Radiation from the recent nuclear disaster in Fukushima could be making its way to the American Pacific coast.
As a result of a 9.0 magnitude earthquake off the coast of Fukushima, Japan, in March of 2011, a tsunami wiped out the power grid at the Fukushima Daiichi nuclear power plant complex, turning off cooling pumps and causing meltdowns in three reactors. This caused large quantities of radioactive contaminated water to pour into the sea, which could eventually make its way to other shores.
According to KGW.com,tests have been conducted on the coast of Oregon to determine if the radiation is posing a substantial threat to humans and wildlife in America. Oregon's coast is a major tourist attraction, but if the Fukushima radiation has made it across the Pacific and onto American shores, people could stop visiting altogether.
"'We've been worried about it and worried about it,' said Zac Adams, head of Bandon Designs construction company. 'We're really concerned about [radiation] affecting the fisheries, the wildlife, the tourism, and most importantly our health.'"
The Statesman Journal reported that Adams took part in a citizen-science project to crowd-fund local citizens in order to test samples from the Oregon coastline to check for dangerous levels of radiation.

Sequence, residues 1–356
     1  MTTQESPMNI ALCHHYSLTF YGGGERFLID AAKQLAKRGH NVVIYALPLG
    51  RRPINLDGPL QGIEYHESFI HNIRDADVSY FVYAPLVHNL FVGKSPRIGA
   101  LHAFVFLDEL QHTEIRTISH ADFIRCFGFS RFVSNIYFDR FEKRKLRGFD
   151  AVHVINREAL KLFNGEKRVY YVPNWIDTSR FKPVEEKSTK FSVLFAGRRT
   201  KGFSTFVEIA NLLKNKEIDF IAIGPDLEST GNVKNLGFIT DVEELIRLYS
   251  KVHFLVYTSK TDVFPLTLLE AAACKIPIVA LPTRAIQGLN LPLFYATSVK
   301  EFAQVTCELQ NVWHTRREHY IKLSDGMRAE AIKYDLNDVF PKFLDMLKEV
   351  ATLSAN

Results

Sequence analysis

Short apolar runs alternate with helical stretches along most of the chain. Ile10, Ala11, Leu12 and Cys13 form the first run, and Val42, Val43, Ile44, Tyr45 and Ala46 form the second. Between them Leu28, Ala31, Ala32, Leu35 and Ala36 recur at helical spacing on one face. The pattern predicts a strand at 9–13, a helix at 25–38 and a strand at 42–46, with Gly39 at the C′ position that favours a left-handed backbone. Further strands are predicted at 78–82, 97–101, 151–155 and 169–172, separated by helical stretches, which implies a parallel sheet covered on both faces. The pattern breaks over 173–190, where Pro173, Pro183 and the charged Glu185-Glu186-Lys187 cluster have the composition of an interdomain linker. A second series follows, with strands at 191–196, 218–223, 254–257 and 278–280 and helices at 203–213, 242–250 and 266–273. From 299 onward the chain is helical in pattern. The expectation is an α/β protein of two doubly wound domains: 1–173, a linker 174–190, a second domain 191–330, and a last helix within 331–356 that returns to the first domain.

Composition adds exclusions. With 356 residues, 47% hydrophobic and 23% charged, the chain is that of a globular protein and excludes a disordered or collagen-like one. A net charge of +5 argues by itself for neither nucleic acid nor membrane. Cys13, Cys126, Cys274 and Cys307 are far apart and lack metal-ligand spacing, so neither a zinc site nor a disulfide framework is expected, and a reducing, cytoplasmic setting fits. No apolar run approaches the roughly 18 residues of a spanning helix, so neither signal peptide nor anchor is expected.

The following chart shows various recommended levels of radiation for humans per year, as well as levels found in various locations across the globe.
Another effort to check for Fukushima contamination is being enacted by the Tillamook Estuaries Partnership. The group began taking water samples from the ocean at Pacific City to determine if there was any amount of radiation present from the Fukushima meltdown.
"'The predicted modeling shows that we should start to see it coming along our coastline at very low levels,' said Lisa Phipps, executive director of the Tillamook Estuaries Partnership. 'When we took this on, it wasn't to incite any kind of fear in people. It is a data collection effort... Over the last year-and-a-half, it's been an issue that's been raising in prominence along the coastline. In our area, there have been groups that have been coming together to talk about what is happening in the ocean.'"
According to WebProNews, Phipps has partnered with a chemical oceanographer at Woods Hole Oceanographic Institution named Ken Buesseler to start the project "How Radioactive is Our Ocean?" The project will crowd-source funds to collect samples along the coast to test for radiation. Each test costs $550 to $600, but Buesseler and Phipps believe it is worth every penny.
"'There's a dismissive argument that well, the levels [of radiation] are pretty low, so why bother,' said Buesseler. 'The counter to that is it's good to confirm low numbers. You build public confidence. And we can use the data to model ocean currents for the next time.'"